In our case, we will use only 5% or $2500 of our available capital to invest in one of the options. (The 5% level was arbitrarily picked but there are books on how to determine the optimal fractional amounts. If you want to know more on this matter I suggest reading books by Ralph Vince.) Given that we now know how much we are willing to allocate to an option we are ready to start the search for the optimal option given our risk reward appetite. In the first two rows of the table below we see the individual strikes along with the associated option costs. The third row shows the number of option contracts available given the $2500 limit we have instituted. In practice you can't trade fractional amounts of an option but for demonstration purposes we will allow it.
|$2500 per option||1.40||1.72||2.19||2.91||4.09||6.21||9.53||16.87||31.68|
Therefore, our choices are now seen as buying either 1.4 calls of the 70 strike at $17.89, or 1.72 calls of the 75 strike at $14.52 and so on finally finishing with the possibility of buying 31.68 calls of the 110 strike calls at $0.79. Purchasing any of those options will cost us a total of $2500 as per our self-imposed limit.
Our next step is to evaluate each of the options after the following adjustments: one month's passage of time, the stock moves up to $120 and our estimate of the subsequent shift in the volatility's skew. The table below shows those results.
|Days until Expiry||58||58||58||58||58||58||58||58||58|
Seen in the above table are our ideas of where we expected the market to go. Our next step is to compare the two option results.
Figure 1. Our first set of option strikes and prices. Non-adjusted options.
Figure 2. Our second set of option strikes and prices. Options adjusted per our views.
Figure 3. The dollar difference between option prices. Ranked according to biggest dollar gain for individual option.
Figure 4. The percentage change between for each option. Ranked according to greatest percentage return per individual option.
Figure 5. Actual total dollar results given our $2500 investment and subsequent market moves.
From the information above we can see some interesting results. Firstly, in-the-money or at-the-money options don't always provide the best total returns. It really depends on the quantity traded, the time frame in which the move occurs along with the magnitude of the move. The bigger and the faster the move the better the out-of-the-money options will perform overall. Secondly, volatility has an impact as well. Depending on the skew it sometimes works in your favor or sometimes works against you. In this case, it worked in our favor. By us catching the move to 120, we were able to ride up the out-of-the-money skew and take advantage of the higher in-the-money volatilities. By riding the skew, I mean the out-of-the-money options initially had lower volatilities at the start of the trade but by the time the trade ended they ended they were now in-the-money options and reflected this higher volatility skewing.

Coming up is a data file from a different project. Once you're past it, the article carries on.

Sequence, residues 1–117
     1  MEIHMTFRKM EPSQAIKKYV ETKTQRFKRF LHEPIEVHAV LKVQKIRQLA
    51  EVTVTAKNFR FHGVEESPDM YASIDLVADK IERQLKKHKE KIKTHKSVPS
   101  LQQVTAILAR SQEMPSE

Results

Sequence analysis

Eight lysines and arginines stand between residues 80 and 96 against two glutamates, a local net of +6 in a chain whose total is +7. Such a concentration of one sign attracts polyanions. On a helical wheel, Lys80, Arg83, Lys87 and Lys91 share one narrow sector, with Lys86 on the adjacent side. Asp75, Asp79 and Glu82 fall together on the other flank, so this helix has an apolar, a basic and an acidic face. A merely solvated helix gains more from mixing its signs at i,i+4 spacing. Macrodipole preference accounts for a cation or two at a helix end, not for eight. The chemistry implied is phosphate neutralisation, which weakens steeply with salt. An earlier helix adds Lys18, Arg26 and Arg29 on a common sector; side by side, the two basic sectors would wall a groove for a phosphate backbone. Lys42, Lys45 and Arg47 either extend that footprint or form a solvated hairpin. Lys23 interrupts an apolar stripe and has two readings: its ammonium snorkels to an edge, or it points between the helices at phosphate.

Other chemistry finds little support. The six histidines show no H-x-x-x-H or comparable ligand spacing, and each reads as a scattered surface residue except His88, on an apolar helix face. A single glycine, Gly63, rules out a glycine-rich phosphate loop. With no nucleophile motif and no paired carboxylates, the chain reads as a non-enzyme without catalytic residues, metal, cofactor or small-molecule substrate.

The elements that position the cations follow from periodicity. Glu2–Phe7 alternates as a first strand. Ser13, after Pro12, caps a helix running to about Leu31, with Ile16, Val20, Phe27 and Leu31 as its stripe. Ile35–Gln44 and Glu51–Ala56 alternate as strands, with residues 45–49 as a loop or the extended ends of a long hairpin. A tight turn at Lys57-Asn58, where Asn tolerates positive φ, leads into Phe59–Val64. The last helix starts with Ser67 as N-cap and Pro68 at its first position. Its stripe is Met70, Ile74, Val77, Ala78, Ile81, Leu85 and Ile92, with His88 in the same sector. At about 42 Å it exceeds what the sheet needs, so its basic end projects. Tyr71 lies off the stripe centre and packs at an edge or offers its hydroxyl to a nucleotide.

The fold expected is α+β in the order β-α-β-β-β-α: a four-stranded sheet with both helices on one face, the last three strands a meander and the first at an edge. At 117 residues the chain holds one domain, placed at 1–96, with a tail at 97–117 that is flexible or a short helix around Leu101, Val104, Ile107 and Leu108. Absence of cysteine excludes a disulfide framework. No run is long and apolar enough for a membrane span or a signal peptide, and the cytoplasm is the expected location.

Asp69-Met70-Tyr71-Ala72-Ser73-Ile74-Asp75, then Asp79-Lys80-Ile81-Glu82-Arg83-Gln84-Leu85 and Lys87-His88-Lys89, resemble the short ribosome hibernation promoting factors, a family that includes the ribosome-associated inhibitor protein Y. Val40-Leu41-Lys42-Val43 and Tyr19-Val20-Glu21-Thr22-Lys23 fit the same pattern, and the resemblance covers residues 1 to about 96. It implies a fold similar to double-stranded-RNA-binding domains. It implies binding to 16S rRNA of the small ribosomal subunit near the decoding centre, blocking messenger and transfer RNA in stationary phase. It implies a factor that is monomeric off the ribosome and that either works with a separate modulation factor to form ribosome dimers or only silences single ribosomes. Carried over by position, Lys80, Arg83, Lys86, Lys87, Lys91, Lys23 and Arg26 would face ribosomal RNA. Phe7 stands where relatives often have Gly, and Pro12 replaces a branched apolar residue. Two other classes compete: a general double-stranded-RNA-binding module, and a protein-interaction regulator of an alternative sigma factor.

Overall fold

Through this mixture of properties and market moves the 100 strike option was able to give us virtually the same return as our cash purchase of stock. With a mere $2500 worth of the 100 strike options we were able to produce a return of $22,981.19 for a return of approximately 919% on our money. This is pretty darn good and we didn't tie up any more capital than was needed. It is even possible that we could have done better by purchasing the 105 or 110 calls. By purchasing one of those options we could have turned in even more impressive results of $35,908 or $57,541.
In conclusion, when you have an opinion about a market it is always best to at least try and give options a chance to be the investment vehicle of choice. In analyzing your market view against an options background you may find a way that is better, cheaper or more efficient that allocating all of your resources to a single trading idea.